Neem is mainly used today as an antiseptic agent against a wide spectrum of pathogens, including fungi, bacteria and viruses. This usage of neem and its medicinal preparations is the most supported one by the available scientific evidence. Herbal preparations containing neem are apparently effective against many different skin diseases, wounds, infected burns and periodontal disease. There are promising indications that neem could be used on a much wider scale in the future due to its influence on numerous biological pathways. The aforementioned biological activities of the compounds found in neem trees point to its potential use as an anti-inflammatory substance, analgesic, antipyretic, antiparasitic, antihypertensive, antiulcerant, antidiabetic, a cytostatic and a contraceptive.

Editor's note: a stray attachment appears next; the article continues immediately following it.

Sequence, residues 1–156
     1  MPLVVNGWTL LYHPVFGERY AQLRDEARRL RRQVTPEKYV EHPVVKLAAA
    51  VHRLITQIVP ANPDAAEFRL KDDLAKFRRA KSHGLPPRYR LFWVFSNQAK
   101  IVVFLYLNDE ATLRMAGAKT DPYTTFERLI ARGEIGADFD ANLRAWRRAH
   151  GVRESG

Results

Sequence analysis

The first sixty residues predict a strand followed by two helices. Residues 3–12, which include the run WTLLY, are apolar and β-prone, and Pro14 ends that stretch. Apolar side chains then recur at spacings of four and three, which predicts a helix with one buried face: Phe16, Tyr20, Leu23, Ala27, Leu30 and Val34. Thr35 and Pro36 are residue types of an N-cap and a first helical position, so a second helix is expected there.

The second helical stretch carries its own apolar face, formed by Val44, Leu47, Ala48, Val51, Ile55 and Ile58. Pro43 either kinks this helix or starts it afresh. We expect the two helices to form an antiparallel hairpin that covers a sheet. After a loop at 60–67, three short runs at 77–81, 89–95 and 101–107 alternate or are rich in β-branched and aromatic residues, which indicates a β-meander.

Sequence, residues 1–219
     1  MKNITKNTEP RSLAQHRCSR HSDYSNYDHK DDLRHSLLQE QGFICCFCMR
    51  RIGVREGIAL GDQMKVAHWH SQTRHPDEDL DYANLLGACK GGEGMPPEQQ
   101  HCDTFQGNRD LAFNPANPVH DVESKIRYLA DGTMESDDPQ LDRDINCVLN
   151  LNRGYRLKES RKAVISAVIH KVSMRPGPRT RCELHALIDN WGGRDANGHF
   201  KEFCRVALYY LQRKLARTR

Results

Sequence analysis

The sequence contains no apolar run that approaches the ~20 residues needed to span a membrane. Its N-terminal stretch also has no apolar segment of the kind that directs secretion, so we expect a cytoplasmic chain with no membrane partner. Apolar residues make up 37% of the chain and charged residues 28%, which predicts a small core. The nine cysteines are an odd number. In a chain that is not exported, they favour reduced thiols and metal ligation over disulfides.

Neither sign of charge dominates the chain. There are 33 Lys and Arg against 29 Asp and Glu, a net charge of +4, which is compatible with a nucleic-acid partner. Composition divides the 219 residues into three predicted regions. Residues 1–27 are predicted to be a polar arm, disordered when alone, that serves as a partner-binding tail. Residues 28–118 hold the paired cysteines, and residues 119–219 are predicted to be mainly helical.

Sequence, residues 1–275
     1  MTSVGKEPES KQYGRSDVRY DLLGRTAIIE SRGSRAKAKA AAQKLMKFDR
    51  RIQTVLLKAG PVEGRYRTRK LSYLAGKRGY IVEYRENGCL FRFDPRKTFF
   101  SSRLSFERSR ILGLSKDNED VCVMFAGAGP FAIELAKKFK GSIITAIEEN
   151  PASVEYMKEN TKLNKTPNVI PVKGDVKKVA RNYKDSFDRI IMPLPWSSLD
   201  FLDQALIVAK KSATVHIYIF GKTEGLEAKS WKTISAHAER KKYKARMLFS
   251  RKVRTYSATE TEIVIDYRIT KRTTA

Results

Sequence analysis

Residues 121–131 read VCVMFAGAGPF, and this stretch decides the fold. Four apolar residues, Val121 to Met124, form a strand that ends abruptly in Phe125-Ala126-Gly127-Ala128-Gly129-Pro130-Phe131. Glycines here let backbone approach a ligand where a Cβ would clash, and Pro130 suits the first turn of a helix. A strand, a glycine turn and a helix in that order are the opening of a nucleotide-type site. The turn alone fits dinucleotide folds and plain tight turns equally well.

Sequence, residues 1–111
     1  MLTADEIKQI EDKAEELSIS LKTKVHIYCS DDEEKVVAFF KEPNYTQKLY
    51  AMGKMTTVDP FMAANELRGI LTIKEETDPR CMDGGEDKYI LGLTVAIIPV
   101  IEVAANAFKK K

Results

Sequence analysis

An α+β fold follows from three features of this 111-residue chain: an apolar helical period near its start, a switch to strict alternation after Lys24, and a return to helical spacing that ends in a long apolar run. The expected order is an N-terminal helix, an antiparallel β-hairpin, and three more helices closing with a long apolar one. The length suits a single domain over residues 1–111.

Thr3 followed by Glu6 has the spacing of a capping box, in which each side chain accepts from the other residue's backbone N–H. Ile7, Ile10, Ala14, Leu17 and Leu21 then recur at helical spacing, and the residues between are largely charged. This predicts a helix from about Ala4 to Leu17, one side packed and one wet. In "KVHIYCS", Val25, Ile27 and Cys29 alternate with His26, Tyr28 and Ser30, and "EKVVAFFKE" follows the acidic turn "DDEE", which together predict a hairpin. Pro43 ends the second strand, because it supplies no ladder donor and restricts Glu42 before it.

Figure 4. Traditional and other potential uses of neem.


Handling herbal preparations should be done with caution due to the many different components that may be coextracted during the preparation process and the contaminants that may find their way into the prepared mixture itself. However, that does not mean that further research into efficient extraction methods, active components and synthetic structurally similar compounds should be completely stopped. More than 70% of medications available today were first synthesised by studying similar products derived from natural sources.[3] Multiple studies conducted on neem extracts show that neem could be used in the development process of new effective drugs as well.


Neem as a green pesticide